A miracle, I see a miracle as something we do not understand as no event contradicts reality.
      Free-will, is a construction I also disagree with, because will does not take an adjective. What is non-free will? Can you call it will at all?

      I agree with the use of will as used by Plato and in Scripture--Will is the product of judgment. What a body does, its actions, are not will unless those actions are the product of the function of the human mind. You cannot say what a car does, when runnning an act of will.

      Thus, until the mind thinks in accordance with the truth of things, ie. reasons, it cannot produce will. Will is the product of functions of the mind and those functions are very specific abstractions from reality.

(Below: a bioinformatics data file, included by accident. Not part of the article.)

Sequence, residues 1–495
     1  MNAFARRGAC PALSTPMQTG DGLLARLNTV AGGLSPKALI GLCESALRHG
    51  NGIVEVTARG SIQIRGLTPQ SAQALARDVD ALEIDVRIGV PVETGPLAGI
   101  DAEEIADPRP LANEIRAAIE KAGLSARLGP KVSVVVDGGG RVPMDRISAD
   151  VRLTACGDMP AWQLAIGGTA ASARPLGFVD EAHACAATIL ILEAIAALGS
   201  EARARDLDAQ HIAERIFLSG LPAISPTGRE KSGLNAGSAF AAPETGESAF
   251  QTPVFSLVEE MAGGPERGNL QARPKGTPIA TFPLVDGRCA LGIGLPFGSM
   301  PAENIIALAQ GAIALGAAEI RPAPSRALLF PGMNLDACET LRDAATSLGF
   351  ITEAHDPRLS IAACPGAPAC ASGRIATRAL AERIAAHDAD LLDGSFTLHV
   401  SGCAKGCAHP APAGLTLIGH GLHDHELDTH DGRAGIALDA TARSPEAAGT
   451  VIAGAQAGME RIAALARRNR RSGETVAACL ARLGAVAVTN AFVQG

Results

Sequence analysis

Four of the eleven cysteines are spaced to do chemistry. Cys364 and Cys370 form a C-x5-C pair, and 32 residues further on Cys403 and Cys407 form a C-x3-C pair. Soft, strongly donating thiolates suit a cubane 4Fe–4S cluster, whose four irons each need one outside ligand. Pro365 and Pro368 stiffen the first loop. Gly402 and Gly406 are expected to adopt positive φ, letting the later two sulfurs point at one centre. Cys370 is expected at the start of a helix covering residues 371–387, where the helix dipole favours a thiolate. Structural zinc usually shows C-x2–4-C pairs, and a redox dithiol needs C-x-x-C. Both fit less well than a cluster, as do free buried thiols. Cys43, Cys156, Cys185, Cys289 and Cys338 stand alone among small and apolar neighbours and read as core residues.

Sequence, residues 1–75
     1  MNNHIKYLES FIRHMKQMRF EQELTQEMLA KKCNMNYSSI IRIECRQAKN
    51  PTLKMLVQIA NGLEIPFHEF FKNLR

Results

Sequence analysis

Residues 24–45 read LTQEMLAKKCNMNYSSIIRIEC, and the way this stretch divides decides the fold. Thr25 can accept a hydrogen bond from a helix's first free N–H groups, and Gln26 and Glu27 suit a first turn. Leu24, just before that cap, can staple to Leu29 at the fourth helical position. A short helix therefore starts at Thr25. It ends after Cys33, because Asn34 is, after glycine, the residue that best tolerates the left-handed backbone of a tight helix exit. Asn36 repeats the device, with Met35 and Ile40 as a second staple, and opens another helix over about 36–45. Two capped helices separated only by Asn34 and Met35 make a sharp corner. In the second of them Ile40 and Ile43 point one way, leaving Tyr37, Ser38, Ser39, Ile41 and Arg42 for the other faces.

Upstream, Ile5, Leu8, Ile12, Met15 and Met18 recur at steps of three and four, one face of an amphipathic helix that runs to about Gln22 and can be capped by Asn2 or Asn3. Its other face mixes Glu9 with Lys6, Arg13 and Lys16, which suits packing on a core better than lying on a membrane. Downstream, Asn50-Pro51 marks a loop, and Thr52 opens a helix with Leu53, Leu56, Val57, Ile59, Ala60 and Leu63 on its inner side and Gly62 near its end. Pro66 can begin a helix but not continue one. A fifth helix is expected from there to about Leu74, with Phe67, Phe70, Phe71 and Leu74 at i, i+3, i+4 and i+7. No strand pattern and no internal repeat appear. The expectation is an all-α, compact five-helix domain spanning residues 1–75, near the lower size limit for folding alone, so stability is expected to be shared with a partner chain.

This is the meaning of, You shall know the truth, and the truth shall set you free.

      Unless you understand will as a product of a functioning mind, it has no meaning at all.

      Most importantly. The so called miracle's of Christ was a demonstration. History is divided, one might say an outline, on how truth is attained. Perception, conception, will. Christ was to example perception, the second coming conception (He shall magnify mind). This is why there are only two "commings" in history. The third is Will. That is the point man has learned judgment.

      This view of the Scripture, one will not find in any text--unless one can understand the metaphors of the Scripture itself. It is however, about time for the second comming, in history. Try to remember, it is not about cults of personality, nor about mysticism, just the attainment of this will sometime in the future of man.

      What do you think it means when you can be told the future? It means that you did not, can not, will it.
      Last edited by Philosopher8659; 07-11-2010 at 08:05 PM.